Personality: Duron Chavis
Spotlight on Resiliency Garden project leader
5/21/2020, 6 p.m.
Hundreds of raised garden beds distributed throughout the region, ready to house healthy crops. Hundreds more in demand by residents in Richmond and its neighboring counties. And potentially hundreds of new urban farmers, ready to work and serve their communities at a time of great need.
The coronavirus hasn’t just impacted social and economic institutions. It also has increased many inequalities that already existed for marginalized communities.
Duron Chavis, founder and director of the Happily Natural Festival, knows this well and is moving the nonprofit toward correcting one of these issues— an inability to grow, maintain and obtain healthy fruits and vegetables in food-insecure communities.
“It’s really important,” Mr. Chavis says. “Even before COVID-19, communities of color struggled with lack of access to healthy food, but now that issue is even more amplified.”
Mr. Chavis founded Happily Natural in 2003 while he was working at the Black History Museum & Cultural Center of Virginia. It was originally and simply Happily Natural Day, a summer festival celebrating the African-American community, showcasing history and building pride in ancestry.
For more than a decade, the festival has shone a light on this history through a variety of ways, including “the promo- tion of holistic health, cultural identity and social change,” according to Mr. Chavis, aided by community partners and an enthusiastic audience that stretches as far as Canada and the United Kingdom.
In the years following its creation, Happily Natural has evolved to encompass a much larger mission. Today, the nonprofit isn’t just reconnecting black people to their history, but to the land itself, “through sustainable agriculture and resilient food systems.”
To achieve that goal, Happily Natural is operating the Resiliency Garden project as part of the Beautiful RVA coalition. The organization delivers raised beds to the community without charge to help increase access to healthy food for communities in need throughout the region during the pandemic.
Since April 1, the group has delivered more than 100 beds, with more than 300 requests received from across the region. It’s a telling sign of both the lack of options for many when it comes to healthy food, but also a deeper desire to expand skills and mitigate the stress of the current moment.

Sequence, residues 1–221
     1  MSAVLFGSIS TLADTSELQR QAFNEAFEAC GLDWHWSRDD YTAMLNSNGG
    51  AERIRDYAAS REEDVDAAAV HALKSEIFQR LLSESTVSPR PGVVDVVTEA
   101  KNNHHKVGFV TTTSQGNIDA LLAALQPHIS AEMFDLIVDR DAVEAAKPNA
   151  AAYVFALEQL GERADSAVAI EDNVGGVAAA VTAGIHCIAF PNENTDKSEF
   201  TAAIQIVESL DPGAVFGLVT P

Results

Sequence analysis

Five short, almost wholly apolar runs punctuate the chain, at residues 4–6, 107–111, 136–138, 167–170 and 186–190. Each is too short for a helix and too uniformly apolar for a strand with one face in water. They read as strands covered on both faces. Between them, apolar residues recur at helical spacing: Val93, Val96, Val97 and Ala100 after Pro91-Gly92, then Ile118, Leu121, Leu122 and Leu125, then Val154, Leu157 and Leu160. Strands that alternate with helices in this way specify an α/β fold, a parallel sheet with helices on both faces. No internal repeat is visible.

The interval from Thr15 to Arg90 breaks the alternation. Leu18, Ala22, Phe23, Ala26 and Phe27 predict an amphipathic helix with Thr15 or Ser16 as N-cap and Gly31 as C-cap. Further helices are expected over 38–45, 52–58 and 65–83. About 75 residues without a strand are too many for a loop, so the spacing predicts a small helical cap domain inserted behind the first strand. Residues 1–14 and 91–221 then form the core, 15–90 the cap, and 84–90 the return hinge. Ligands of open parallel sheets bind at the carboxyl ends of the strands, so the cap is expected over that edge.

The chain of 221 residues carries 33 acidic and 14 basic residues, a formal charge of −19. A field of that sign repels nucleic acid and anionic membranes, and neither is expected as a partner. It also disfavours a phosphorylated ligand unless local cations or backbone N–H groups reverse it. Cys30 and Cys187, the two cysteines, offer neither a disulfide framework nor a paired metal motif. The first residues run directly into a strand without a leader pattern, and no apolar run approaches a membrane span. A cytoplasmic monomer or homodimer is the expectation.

As Mr. Chavis puts it, “farming and gardening are ways to build self-sufficiency and relieve anxiety during this stressful time.”
Moving forward, Happily Natural is helping build urban farms across the city in an effort to localize Richmond’s food system. The organization is collaborating with the Mechanicsville-based Farm to Family, with an eye toward a plentiful, healthy summer harvest for the community.
Happily Natural also is developing a six-week boot camp for people new to growing food, as well as a 12-week training program for the city’s urban farmers.
Mr. Chavis is aware of the limits of the group’s ability to do this work and more, as their need for volunteers and community contributions is tempered with the knowledge that, as a black nonprofit, they see less support than similar groups. But they soldier on regardless, ready to address a clear and present need in the Richmond area.
“So many people are losing their jobs and are immunocompromised right now,” Mr. Chavis says. “Being able to grow your own food helps ensure that, no matter what happens with the food system, you will be able to feed yourself.”
Meet a back-to-the-earth advocate and this week’s Personality, Duron Chavis:
Occupation: Urban farmer.
Date and place of birth: Sept. 24 in Richmond.
Current residence: North Side.
Education: Virginia State University, mass communications.
Family: My partner, Nikiya Ellis, and our children, Asaun, Zion, Kinyasa, Tahja, Kai and Mali.
Volunteer position with Happily Natural: Founder and director.